October 21, 2011
51st Medical Operations Squadron
OSAN AIR BASE, Republic of Korea
In response, the Department of Defense is working to combat the tragedy of suicide in military communities around the world.
The plan is to educate through the development of educational problems, encouraging self-help, working to develop healthy communities and training front-line leaders on strategies to enhance unit cohesion and support military members, there is a determined effort to preserve the lives of all service members.
On a personal level, everyone should learn how to recognize when a fellow warrior may be at risk for suicidal thoughts or behaviors and what to do when a problem is identified.
Warning Signs of Suicide
All military members have been trained to identify sources of physical danger but you should also be able to identify psychological danger by asking yourself some questions about your buddyís behavioral health.
Here are some signs for concern:
--Significant relationship, financial, or work related problems
--Current or pending disciplinary or legal action
--Significant prolonged stress
--Sense of powerlessness, helplessness or hopelessness
--Behavior that isolates them from friends and family members
Suicidal thoughts are usually associated with problems that can be treated or dealt with, so proactively identifying the problem and seeking treatment is the best way to ensure resilience. If your buddy is showing any of the above signs for concern, donít hesitate -- have the strength to take action.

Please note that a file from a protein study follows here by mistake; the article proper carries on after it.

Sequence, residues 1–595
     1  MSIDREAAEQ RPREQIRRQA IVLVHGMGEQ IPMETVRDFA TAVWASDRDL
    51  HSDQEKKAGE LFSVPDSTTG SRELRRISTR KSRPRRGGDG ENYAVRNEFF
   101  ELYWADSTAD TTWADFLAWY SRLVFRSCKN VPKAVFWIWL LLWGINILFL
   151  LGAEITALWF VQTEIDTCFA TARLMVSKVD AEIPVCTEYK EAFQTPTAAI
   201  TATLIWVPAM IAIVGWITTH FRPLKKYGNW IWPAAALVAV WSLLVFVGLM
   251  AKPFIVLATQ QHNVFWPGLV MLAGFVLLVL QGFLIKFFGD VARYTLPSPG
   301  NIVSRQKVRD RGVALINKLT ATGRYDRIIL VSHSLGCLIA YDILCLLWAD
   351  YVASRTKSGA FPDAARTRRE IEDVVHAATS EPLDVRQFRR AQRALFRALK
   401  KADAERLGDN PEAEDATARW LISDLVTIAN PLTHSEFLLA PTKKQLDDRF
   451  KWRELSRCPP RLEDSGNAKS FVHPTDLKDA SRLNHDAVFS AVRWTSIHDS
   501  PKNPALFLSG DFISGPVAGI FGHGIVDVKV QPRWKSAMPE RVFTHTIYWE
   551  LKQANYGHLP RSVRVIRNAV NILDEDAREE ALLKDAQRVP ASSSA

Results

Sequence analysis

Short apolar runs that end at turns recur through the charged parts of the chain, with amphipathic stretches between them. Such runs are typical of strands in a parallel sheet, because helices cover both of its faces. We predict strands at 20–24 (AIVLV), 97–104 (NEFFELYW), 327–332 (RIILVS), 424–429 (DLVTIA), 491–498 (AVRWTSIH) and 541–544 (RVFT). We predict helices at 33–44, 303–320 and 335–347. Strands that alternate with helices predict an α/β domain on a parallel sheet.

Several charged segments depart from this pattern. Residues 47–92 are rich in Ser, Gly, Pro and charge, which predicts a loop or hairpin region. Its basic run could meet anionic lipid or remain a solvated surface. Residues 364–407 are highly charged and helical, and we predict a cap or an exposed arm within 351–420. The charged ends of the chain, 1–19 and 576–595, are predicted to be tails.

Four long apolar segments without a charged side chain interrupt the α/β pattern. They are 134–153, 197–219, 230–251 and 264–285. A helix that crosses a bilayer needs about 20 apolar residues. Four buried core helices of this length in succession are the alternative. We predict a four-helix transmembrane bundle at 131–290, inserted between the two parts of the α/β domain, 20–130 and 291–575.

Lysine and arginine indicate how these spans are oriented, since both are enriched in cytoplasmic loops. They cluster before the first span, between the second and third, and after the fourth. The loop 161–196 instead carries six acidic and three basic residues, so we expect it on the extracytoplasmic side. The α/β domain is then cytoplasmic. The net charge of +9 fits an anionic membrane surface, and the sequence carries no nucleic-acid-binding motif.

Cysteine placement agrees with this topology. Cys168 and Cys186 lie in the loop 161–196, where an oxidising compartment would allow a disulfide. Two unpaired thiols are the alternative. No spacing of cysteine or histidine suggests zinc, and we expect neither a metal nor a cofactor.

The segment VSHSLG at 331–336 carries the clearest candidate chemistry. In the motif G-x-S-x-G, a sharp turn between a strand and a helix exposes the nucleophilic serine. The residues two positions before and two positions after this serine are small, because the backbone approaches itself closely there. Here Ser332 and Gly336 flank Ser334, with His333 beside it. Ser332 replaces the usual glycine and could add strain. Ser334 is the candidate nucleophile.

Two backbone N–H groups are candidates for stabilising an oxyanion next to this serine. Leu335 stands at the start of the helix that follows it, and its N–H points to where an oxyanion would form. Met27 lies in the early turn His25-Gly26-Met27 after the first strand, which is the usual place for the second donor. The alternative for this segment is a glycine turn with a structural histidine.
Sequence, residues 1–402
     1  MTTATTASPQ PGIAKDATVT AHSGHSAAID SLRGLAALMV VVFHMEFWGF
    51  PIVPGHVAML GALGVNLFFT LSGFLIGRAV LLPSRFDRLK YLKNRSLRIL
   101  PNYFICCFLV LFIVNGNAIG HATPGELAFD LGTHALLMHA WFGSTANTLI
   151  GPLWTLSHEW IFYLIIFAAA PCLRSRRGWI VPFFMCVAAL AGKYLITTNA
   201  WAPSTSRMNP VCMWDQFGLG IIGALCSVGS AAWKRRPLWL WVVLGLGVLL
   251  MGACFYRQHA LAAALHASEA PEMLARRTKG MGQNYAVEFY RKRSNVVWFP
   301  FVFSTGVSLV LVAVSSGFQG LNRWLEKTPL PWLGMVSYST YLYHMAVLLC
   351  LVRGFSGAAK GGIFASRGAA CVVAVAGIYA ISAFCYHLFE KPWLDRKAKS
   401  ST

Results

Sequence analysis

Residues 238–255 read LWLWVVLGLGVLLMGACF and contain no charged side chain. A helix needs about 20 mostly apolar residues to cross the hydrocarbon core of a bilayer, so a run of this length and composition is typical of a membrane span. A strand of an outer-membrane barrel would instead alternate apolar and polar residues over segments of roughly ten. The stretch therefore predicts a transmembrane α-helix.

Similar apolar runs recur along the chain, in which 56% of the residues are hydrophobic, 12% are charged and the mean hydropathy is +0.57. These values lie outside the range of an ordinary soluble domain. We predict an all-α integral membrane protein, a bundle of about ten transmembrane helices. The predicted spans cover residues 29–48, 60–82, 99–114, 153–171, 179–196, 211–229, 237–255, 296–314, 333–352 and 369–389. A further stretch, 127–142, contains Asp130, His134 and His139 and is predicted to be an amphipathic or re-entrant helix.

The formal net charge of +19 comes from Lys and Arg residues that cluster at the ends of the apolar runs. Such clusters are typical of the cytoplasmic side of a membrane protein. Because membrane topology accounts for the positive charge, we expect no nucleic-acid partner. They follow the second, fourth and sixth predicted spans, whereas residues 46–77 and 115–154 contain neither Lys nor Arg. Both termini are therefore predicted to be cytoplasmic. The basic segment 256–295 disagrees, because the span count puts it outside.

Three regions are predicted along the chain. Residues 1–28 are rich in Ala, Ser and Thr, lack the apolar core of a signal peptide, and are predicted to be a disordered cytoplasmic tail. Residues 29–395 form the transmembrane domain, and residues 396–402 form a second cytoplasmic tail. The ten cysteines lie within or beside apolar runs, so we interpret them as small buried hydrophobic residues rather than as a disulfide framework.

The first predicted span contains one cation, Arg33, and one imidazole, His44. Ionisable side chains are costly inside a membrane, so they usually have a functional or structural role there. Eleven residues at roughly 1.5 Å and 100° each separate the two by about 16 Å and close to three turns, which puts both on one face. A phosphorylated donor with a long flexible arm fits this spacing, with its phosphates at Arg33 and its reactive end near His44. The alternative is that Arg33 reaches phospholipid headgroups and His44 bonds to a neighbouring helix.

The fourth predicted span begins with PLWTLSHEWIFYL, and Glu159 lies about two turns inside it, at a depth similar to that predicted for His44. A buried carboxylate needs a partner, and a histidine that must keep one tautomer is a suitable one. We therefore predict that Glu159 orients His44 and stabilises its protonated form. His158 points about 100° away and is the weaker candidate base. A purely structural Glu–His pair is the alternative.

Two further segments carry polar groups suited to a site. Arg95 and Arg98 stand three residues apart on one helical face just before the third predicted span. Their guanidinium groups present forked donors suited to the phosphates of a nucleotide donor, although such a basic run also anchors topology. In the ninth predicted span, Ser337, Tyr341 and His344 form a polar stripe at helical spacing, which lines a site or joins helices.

Take Action if You See a Problem
It takes courage to deal with psychological issues in yourself or in a fellow warrior. If the situation is urgent, use these resources to get immediate assistance for your buddy:
ASK your warrior about suicidal thoughts
--Have the courage to ask if the warrior is having thoughts of suicide, but stay calm.
--Ask the question directly: Are you thinking of killing yourself?
--Know the signs for concern listed above.
CARE for your warrior
--Stay calm and safe -- do not use force.
--Actively listening without passing judgment can help produce relief for the warrior.
--Removing any lethal means, such as weapons or pills.
--Actively listen for details about what, where and when your warrior may be planning to kill himself or herself. (If your warrior acknowledges his/her plans, it generally suggests that he/she is accepting your help.)
ESCORT your warrior to get help
--Escort your warrior immediately to his/her chain of command, behavioral health professional, or chaplain.
--Call 911 or 800-273-TALK to speak with a trained professional right away.
Donít keep your warriorís suicidal behavior a secret.
--Never leave your warrior alone -- stay until he/she receives appropriate help.
--Adopting an attitude that you are going to help your fried will save his or her life.
No one is alone
Each military service offers suicide prevention resources. The stakes in the fight against military suicide are the same as the stakes in combat: lives are on the line. Thatís why -- now more than ever -- you must use your strength to step up and take action if someone you know is at risk.
For more information on suicide prevention visit http://www.af.mil/suicideprevention.asp.
†--†The loss of any life is a tragedy, whether in combat or not, and there has been a recent increase in military suicides.